There are a couple of Facebook groups, the Panamá Homeschool Network and Homeschool in Panama that connect and provide support to like-minded parents. Well-organized, they have lawyers and professionals advocating for parents’ rights to homeschool. Members often host get-togethers and monthly gatherings.
She says that most homeschoolers use online or mail-delivered curricular providers, which are cost-effective and provide structure to homeschooling plans. Many of these programs are linked to schools back home, ensuring external official recognition. K12, Singapore Math, Khan Academy, and BrainPOP are all great resources for expat parents to check out when homeschooling their kids.
Upon arriving in Panama, most of us research international and bilingual schools, but these are often expensive. Enrolling in a local school is attractive for several reasons – we all want our children to fit in here, and full immersion in a new language is the best way for them to succeed.
The advantage of going local is that bilingualism through full immersion really works. Children will come out fluent in Spanish and have local friends. Even the parents can make friends as their children get invited to playdates and birthday parties.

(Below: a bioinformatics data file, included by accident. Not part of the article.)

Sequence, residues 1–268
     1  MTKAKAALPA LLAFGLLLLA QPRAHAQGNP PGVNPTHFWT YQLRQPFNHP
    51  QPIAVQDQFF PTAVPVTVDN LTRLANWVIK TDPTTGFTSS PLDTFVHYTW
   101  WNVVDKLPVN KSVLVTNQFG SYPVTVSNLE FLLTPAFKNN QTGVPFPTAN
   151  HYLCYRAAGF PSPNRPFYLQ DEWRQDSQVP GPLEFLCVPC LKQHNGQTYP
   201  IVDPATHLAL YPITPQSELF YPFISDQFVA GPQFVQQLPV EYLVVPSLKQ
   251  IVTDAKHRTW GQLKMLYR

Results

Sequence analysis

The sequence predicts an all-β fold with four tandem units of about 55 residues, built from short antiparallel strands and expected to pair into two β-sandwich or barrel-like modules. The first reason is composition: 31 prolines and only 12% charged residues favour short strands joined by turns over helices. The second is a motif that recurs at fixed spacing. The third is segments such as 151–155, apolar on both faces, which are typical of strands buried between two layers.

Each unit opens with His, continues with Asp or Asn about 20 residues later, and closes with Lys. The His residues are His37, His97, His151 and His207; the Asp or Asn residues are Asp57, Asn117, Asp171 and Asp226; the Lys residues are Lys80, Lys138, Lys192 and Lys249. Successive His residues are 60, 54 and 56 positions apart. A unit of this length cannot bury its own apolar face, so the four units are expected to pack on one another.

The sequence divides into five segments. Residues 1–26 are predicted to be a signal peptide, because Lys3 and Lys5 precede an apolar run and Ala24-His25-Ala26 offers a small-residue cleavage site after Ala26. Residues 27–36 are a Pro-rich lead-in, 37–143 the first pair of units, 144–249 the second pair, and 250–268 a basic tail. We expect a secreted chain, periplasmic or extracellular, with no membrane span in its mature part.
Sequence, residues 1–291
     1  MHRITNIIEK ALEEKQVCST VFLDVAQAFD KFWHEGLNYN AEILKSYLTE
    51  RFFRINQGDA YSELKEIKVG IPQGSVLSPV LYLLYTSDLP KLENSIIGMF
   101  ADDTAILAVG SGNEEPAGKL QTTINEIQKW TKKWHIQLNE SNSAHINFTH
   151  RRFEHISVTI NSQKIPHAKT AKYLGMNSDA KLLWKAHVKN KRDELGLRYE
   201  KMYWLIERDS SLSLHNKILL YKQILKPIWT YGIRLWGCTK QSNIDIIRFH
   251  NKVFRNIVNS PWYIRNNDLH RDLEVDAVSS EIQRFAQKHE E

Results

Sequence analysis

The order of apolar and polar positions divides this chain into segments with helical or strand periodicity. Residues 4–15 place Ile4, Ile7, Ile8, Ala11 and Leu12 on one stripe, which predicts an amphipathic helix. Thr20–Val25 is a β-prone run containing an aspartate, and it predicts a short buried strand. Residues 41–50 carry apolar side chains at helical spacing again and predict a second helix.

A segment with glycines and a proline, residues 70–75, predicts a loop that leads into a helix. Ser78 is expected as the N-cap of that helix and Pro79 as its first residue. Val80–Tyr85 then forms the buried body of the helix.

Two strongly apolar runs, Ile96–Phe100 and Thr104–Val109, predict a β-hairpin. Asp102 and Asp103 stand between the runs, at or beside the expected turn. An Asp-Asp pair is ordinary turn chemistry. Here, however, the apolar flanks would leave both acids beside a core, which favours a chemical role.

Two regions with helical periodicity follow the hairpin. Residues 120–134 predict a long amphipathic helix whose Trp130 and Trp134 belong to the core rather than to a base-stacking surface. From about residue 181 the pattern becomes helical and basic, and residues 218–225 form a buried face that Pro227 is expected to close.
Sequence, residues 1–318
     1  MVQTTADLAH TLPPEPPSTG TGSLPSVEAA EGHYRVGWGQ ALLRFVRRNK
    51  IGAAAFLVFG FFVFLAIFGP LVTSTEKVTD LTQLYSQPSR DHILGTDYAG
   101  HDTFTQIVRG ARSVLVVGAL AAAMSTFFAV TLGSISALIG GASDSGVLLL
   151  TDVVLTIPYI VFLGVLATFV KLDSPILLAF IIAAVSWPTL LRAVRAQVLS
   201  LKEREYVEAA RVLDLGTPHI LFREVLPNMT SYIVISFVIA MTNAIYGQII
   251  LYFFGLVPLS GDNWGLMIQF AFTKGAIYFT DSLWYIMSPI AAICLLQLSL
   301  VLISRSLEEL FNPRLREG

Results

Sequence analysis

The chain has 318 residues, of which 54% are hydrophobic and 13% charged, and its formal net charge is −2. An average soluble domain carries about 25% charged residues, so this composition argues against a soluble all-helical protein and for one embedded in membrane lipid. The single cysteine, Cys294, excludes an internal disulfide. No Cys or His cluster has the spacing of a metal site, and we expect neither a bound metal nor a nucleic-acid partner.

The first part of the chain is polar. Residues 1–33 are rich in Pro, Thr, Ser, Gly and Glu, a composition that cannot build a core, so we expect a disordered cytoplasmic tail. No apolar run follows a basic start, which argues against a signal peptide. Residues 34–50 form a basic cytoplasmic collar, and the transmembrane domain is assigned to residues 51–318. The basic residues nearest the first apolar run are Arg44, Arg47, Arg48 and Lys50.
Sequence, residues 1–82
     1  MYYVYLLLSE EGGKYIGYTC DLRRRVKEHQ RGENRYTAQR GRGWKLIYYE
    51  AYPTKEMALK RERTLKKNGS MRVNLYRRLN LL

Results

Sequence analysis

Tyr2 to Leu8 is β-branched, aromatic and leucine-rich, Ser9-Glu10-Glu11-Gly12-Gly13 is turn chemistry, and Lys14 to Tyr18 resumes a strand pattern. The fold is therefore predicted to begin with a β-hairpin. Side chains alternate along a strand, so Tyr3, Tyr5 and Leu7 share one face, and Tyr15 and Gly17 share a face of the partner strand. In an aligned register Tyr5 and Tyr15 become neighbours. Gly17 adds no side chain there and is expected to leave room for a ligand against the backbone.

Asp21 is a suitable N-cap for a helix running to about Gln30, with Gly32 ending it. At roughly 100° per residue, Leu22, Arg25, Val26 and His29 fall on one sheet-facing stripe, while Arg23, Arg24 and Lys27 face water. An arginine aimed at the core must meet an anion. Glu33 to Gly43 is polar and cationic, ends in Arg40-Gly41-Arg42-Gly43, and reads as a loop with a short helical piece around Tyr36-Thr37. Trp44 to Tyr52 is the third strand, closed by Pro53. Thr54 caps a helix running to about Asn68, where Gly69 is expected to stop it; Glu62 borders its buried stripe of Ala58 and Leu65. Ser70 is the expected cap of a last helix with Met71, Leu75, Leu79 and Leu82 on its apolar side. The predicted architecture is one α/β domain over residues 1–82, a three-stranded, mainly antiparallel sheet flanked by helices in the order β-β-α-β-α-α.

However, if you moved between schools a lot as a child, you may remember the stress of it and the feeling of having to reinvent yourself, never truly finding acceptance. For a child joining a new school, this can leave them feeling isolated. Thus, that sink-or-swim bilingualism sometimes comes with an emotional price attached. That’s acceptable and a risk worth taking if your plan is to live here permanently and adapt. But everyone I know who enrolled their kids in Panamanian schools ended up pulling them out because their children were not happy. Often, as expat parents, they also felt excluded and misunderstood themselves.
Even many Panamanians enroll their kids in bilingual and international schools for good reason.